And here is where Edsall misses a key part of the story. The problem is not that “Democrats” fail to appreciate unions. It’s that the corporate and Wall Street Democrats who have dominated the presidential wing of the party since Jimmy Carter and Bill Clinton actively loathe unions.


Carter, Clinton, and Barack Obama all had the opportunity and the votes to put serious teeth back in the Wagner Act, in the face of vicious corporate union busting. All decided not to lift a finger on behalf of labor law reform.


All three presidents had progressive labor secretaries. But the real power players were elsewhere.


Most Democrats in Congress get unions. The problem has been the corporate influence on the presidential party and its domination of key positions at Treasury, OMB, and Legislative Affairs. Some of this is about campaign finance, but not all of it.


Edsall brilliantly depicts the class warfare that leads Republicans and their business allies to bash unions. He misses the fact that the same class warfare has infected the Democratic Party. ~ ROBERT KUTTNER

Follow Robert Kuttner on Twitter

A Conversation with Sherrod Brown
The senator from Ohio on the Green New Deal, trade, and how to beat Trump in 2020 By ROBERT KUTTNER
The Millennialization of American Labor
A generation of young workers is rebuilding a battered union movement. By KATIE BARROWS, ETHAN MILLER & KAYLA BLADO


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Legislation introduced by an influential Republican state senator would require charter schools to disclose more about their finances. But the bill contains a large loophole that would allow the state’s biggest chains like Basis Charter Schools and Great Hearts Academies to avoid revealing how they spend their money.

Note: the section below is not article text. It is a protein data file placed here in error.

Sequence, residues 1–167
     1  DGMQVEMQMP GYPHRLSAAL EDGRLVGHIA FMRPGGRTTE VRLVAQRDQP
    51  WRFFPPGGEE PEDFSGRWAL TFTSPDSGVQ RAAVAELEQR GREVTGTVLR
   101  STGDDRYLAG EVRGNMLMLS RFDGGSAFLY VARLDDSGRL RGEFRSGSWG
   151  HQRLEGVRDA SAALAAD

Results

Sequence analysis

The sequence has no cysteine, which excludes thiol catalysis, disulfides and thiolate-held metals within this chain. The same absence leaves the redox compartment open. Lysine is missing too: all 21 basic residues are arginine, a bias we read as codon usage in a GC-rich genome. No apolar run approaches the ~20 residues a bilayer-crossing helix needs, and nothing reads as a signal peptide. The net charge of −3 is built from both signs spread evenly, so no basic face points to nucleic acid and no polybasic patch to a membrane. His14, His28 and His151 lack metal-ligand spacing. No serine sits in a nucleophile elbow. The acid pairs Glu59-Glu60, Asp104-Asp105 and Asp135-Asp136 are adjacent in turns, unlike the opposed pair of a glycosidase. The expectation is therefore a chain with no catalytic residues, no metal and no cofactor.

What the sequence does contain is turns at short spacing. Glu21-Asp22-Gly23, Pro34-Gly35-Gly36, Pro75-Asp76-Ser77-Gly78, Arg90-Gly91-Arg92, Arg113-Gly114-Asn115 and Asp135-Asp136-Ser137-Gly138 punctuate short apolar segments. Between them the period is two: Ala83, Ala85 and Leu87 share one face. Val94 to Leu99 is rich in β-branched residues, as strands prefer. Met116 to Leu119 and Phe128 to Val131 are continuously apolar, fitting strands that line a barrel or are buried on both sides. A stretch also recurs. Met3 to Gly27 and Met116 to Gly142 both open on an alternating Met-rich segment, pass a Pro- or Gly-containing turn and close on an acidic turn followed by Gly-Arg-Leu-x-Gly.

State Sen. Kate Brophy McGee, R-Phoenix, said Senate Bill 1394 would accomplish the biggest reform to charter schools since they were created by the Arizona Legislature in 1994.

“It’s an enormous amount of progress, and this is not my last stop,” she said.

She said there’s bipartisan support for the measure, which follows a yearlong investigation by The Arizona Republic that revealed how charter operators have exploited the state’s lax charter regulations to become wealthy from the taxpayer-funded schools.

Brophy McGee acknowledged, however, that her bill would not prevent charter chains from giving large, no-bid management or construction contracts to their founders. Nor would it prevent charter CEOs from paying themselves exorbitant amounts, as Primavera online charter Chief Executive Damian Creamer did by receiving $10.1 million from the school over the past two years.

Democrats, whose past efforts to more tightly regulate charter schools have failed, and Republican Attorney General Mark Brnovich’s Office both said the bill is a step in the right direction. But they said it needs additional work.

Arizona’s 500-plus charter schools are largely privately owned and the choice of more than 200,000 students, or 17 percent of public school students. The state spends $1.2 billion a year funding them.